Union membership is the closest thing you can get to employment insurance.

Excuses and Replies

"I can't afford the subscriptions"

Union membership is the closest thing you can get to employment insurance and subscriptions are graded according to salary. 

Using FDA membership services, or getting advice from our solicitors can also cover costs.

"I don't believe in trade unions"

Why not? The majority of your colleagues of all political persuasions are members. They recognise they are best served in an organisation that will protect their interests. If your objection is political, we don't pay money to any political parties. If you are unhappy about some aspect of what we do, join and change it. We are a democratic organisation, run by and for our members.

"I get the benefits anyway"

No you don't. You may currently enjoy union-negotiated terms and conditions, but you have no say in the process. You are also unprotected if you have a problem at work, or an accident. (No-one ever thinks they are going to have an accident, but nevertheless thousands of people have them).

If you do recognise there are benefits, why not join? Staying outside the FDA is not a neutral action - you make us less representative and you help undermine our ability to secure improvements for everyone in your department.

"The union doesn't do anything"

Not true. We negotiate with employers on every aspect of what happens in your workplace, from local health and safety issues right through to the very future of your department. This is the everyday reality of the FDA's work. It may not be highly visible, but it is effective.

Terms and conditions in departments are generally good, and that is largely due to the work done by the FDA. If you are unhappy about certain changes, please remember that it is your employer, not the FDA, who is responsible for driving this. In the end our ability to stop or influence matters depends on what our members are prepared to do.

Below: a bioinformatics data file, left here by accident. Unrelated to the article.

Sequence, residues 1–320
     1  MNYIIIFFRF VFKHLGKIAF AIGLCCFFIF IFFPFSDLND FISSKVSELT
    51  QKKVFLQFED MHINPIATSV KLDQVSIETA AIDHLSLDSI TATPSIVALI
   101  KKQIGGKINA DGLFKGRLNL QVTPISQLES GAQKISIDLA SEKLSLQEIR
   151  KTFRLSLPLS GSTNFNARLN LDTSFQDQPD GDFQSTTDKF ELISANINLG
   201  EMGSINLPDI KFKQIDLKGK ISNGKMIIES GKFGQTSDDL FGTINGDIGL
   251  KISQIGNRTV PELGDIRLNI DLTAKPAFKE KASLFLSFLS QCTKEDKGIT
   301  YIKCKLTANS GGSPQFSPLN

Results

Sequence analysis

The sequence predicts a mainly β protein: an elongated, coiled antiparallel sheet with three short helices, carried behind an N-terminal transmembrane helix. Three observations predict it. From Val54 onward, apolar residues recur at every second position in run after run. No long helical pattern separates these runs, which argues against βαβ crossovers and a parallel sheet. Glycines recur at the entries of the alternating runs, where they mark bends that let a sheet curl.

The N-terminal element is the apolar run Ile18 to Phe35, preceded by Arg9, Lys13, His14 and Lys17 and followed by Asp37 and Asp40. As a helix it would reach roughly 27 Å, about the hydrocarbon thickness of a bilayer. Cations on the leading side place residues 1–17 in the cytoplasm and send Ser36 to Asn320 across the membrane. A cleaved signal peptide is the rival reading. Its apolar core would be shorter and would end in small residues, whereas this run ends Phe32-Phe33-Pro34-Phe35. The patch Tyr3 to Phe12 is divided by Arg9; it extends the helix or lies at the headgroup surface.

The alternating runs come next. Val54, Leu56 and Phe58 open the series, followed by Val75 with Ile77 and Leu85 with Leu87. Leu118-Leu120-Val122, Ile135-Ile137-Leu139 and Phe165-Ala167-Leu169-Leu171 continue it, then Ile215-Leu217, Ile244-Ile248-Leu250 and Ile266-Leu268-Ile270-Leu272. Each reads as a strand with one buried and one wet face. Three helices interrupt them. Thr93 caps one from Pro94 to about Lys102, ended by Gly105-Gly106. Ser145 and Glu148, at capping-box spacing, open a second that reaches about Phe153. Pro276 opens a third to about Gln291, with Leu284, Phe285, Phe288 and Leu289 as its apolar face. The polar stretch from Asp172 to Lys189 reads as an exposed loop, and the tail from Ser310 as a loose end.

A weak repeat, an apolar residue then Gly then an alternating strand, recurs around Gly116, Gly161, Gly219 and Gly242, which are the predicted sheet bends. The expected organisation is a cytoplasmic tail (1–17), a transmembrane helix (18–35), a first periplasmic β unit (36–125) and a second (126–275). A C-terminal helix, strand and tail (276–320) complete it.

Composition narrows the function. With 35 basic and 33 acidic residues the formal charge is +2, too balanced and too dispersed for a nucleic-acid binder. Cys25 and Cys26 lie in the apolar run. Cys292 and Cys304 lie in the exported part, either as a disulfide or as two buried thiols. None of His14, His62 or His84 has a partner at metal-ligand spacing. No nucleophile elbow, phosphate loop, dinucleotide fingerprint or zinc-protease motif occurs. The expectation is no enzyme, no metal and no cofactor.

"I had a problem years ago and the union didn't want to know"

If that's the case, we're sorry, but that's not the way we operate now.

The FDA deals with thousands of individual cases per year, with a very high success rate. Personal representation is something we do very well.

If you resigned over this, your protest has been registered and we would like you to come back. Give us another chance to represent you, or better still get involved locally, to ensure we do things the right way.

"My manager/management doesn't like trade unions"

Your department is committed to good industrial relations. We have signed an agreement with it to that effect, and your management actually encourages you to be in the FDA.

In today's climate it may be one individual's prejudice or someone abusing their position. If you want us to, we will deal with this. The majority of your colleagues are members, and it hasn't done them any harm. You have a right to join the FDA.

"You are always causing trouble/going on strike"

This is simply untrue. The FDA policy and practice is to seek constructive partnership and dialogue with employers. We have been largely successful in doing that.

We exist to ensure that your employer listens to staff who actually work in your department. The FDA makes no apology for speaking up for its members; this is our role and main function. Important decisions are always taken democratically, so being an FDA member means you can influence and shape policy, rather than watch it from the sidelines.

"The subscriptions are too high"

Subscriptions usually rise in line with inflation. Every penny is shown in our annual financial statement and every member has access to this on the FDA website. Expenditure is controlled by an elected Executive Committee and by the union's Annual Delegate Conference.

"Management here looks after us and treats us well"

This may be true, but much of this is due to a strong FDA presence. Your department's management knows that the FDA is a professional organisation, with strong negotiating and legal skills. We have more than 90 years' experience of representing people like you in the workplace.

The constructive approach taken by FDA representatives in your department plays a large part in ensuring that, by and large, staff are treated well and respected. Contrast this with most non-unionised workplaces, where the opposite is likely to be the case.

"I can look after myself - I don't need someone to do it for me"

Most FDA members are skilled, professional people - yet more than 19,000 of them recognise the value of belonging to an independent, professional organisation. Of course, you can deal with complex issues, customers, colleagues and managers. However, to have a say or to influence vitally important questions like pay, promotion, policy and pensions, you need the FDA and the FDA needs you.

We are here to help you if you encounter problems at work - and experience shows that you never know when that might be.